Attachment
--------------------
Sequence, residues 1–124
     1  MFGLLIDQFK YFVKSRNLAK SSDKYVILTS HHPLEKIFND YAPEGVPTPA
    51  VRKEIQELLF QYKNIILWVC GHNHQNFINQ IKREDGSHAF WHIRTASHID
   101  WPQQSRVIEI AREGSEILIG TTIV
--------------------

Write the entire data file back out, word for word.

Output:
Sequence, residues 1–124
     1  MFGLLIDQFK YFVKSRNLAK SSDKYVILTS HHPLEKIFND YAPEGVPTPA
    51  VRKEIQELLF QYKNIILWVC GHNHQNFINQ IKREDGSHAF WHIRTASHID
   101  WPQQSRVIEI AREGSEILIG TTIV